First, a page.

Ian Martin takes the Trans-Europe Stopping Train
MONDAY My equivocation on the Europe Issue has served me well. But now the professions of epic space and a clamorous media are demanding to know whose side I’m on. I wish I knew. I’m looking forward to the EU referendum, if only to find out which way I’ll go.
For anyone who basically hates everyone, it’s a tough call. For someone whose passion is the plastic arts, it’s impossible. For the first time in living memory, one’s friends and enemies are posing together on building sites in matching hard hats.
My Eurosceptic friend Loaf, the former mayor of London, is flapping about and gurning in a historic street near Spitalfields. He’s championing a redevelopment that will bury the place beneath glazed ziggurats of pulsating, escalating profit. Perhaps historic buildings are too ‘European’ for Brexiteers. All those Huguenot migrants coming over here, taking our Georgian England…
I understand his bitterness. I was originally up for designing the windows for one of these new staggered banking silos, called something ridiculous like the Penis of Liberty. In the end I was undercut by some cheapo window-printing algorithm provider based in Amsterdam. Bloody Europe, eh?
TUESDAY To the Gherkin and Firkin for a lunchtime think. The pub manager, retired architect Po-Mo Ceri, reckons I should throw in my lot with the so-called Starchitects and Startists, a cultural cartel of pro-Europeans who have worked assiduously over the years to undermine their neo-liberal establishment clients by smuggling irony into ugliness and turning it into a kind of refracted beauty.
Conversely my fixer Rock Steady Eddie argues that I should come out as a Leaver. Maybe he’s right. Be bold, egregious. Take a moral stand against the capitalist racket, the Greece-bashing and the refugee bartering. ‘Whatever. I just thought you could do with the publicity. Get in one of them style magazines. You know – Ponce Among The Nancies. If we did leave though, a warning from history. Bosh.’ He snatches the pizza from my plate and gobbles it.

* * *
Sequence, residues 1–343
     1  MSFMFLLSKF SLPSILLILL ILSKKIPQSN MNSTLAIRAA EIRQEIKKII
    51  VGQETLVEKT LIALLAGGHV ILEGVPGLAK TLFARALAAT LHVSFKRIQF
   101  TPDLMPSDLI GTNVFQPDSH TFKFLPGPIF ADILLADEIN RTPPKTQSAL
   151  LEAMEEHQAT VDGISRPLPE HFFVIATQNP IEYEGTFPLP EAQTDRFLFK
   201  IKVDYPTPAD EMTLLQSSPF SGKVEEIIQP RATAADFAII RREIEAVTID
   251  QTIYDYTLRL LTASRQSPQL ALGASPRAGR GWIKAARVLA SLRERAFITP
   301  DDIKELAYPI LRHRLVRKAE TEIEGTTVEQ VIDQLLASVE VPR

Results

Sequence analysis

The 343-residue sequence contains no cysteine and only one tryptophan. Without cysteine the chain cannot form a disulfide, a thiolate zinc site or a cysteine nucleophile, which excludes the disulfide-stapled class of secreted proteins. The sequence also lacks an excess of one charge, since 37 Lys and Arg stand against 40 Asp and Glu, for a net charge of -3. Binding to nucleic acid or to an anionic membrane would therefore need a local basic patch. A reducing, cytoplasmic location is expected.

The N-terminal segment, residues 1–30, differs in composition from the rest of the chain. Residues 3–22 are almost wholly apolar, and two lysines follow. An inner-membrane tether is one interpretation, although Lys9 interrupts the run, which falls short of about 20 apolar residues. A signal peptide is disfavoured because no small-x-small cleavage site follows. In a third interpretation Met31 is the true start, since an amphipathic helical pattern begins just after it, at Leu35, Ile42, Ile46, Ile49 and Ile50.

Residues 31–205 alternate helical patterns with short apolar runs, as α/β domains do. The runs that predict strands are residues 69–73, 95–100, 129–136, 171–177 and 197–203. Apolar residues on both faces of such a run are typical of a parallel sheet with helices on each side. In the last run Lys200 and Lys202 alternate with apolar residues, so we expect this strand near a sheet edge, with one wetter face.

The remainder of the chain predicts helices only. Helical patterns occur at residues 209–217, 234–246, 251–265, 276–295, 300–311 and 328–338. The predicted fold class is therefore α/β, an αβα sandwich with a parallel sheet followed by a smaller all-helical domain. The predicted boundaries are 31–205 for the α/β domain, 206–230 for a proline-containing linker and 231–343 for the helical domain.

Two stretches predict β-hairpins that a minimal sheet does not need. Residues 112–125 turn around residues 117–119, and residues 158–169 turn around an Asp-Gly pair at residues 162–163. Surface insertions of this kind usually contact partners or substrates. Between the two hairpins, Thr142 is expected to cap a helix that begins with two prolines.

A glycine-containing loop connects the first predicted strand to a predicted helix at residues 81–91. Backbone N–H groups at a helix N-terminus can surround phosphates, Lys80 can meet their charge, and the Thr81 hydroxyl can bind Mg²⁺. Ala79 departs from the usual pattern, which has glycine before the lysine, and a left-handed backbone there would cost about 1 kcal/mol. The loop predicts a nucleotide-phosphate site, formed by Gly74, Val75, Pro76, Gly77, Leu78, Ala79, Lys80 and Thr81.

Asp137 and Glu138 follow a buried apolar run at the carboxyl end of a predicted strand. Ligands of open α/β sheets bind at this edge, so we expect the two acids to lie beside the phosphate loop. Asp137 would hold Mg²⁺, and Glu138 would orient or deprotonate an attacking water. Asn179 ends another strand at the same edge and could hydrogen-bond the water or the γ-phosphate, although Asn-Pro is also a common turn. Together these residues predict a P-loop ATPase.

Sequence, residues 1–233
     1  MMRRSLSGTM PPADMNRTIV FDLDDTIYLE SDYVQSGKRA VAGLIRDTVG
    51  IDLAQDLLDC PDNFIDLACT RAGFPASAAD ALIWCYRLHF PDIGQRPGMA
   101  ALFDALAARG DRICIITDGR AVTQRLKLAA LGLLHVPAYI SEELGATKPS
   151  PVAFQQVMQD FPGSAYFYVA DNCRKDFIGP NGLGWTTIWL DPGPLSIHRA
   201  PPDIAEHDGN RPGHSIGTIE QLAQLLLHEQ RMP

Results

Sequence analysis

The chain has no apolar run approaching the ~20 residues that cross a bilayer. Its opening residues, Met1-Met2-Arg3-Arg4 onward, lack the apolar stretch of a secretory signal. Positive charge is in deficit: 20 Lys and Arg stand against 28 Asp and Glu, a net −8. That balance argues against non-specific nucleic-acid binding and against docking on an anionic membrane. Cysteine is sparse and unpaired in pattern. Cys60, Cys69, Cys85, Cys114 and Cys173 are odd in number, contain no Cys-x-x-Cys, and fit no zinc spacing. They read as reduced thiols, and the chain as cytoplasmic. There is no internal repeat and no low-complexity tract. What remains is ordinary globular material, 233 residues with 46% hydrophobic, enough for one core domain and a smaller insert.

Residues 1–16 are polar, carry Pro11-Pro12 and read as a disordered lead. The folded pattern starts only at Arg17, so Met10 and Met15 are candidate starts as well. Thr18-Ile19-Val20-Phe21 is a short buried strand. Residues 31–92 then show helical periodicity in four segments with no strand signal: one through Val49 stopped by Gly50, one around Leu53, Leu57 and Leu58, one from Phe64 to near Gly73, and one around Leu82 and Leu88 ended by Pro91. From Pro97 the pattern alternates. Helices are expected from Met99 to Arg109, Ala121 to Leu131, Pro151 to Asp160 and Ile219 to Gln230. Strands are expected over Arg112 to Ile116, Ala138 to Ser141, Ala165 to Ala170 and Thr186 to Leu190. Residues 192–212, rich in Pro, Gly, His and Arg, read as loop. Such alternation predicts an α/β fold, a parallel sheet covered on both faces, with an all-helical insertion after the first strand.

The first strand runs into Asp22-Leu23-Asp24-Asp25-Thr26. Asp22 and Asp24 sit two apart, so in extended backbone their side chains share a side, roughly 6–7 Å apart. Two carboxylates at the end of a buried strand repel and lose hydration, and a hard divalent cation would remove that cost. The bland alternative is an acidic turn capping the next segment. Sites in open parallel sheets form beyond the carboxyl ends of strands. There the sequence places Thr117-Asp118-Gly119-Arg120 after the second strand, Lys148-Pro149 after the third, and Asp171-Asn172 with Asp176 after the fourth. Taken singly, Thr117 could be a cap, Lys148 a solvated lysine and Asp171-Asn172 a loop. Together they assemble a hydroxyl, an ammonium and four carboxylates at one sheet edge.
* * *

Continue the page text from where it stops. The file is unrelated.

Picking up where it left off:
Much more useful advice comes from my old friend Darcy the design correspondent and his muse, the neurotic architectural dachshund, Bauhau. Or as Eddie so offensively calls them, Poofy and Woofy. Darcy thinks I should embrace my inner floating voter. ‘A day is a long time in fashionable politics,’ he announces firmly, while Bauhau reverses at speed in a circle, afraid of his own tail. Both are wearing vintage Mr Fish ‘Dresses for Him and Dog’ though Darcy carries it off more convincingly. Dresses always ride up on a dachshund.
I decide his advice is most useful, and resolve to stay nimble in the run-up to the referendum. A mind unchanged is a mind untested.
WEDNESDAY Tamworth Biennale is as bustling as ever this year, full of ‘hot takes’ from young designers, artists and thinkers working strictly within the boundaries of ancient Mercia.
As such, it’s an excellent pointer to what the creative industries would look like if Britain went it alone. There are prototypes of detention centres constructed entirely from human waste. One exhibit shows how coastal towns could harness energy from floodwater. The centrepiece of the Walsall Pavilion is a huge model of an Anglo-Saxon fortress. The bricks are chips fried in lard, snap-frozen, then laminated and assembled into some sort of statement about identity, probably. By then I was on my way out, and feeling very European.
THURSDAY Pettifogging faceless EU bureaucrats have once again trampled through the salon of my mind with their hobnailed boots. Since when has the provision of a safety harness while fitting mosaics to the exterior of a luxury residential tower been a ‘human right’?
I think of the noble Mohawks who built New York skyscrapers, and that marvellous Northern steeplejack Fred Dibnah, with his roll-ups and his cavalier attitude to collapsing brick chimneys. I shake my head at the milksops we have become. Out of Europe now!
FRIDAY Excellent. Eddie’s just negotiated another grant ‘from Brussels or wherever’ to help build a farm and fishing business sanctuary, preparing school-leavers for civic involvement and community engagement with incremental audio-visual opportunities within the rural environment.
I agree to work up an initial design. But I warn him – it won’t be cheap.
SATURDAY Five-a-zeitgeist European playoffs. Enlightenment 4, Defenestration 3.
SUNDAY Suspend all thoughts about Britain’s destiny, in the recliner.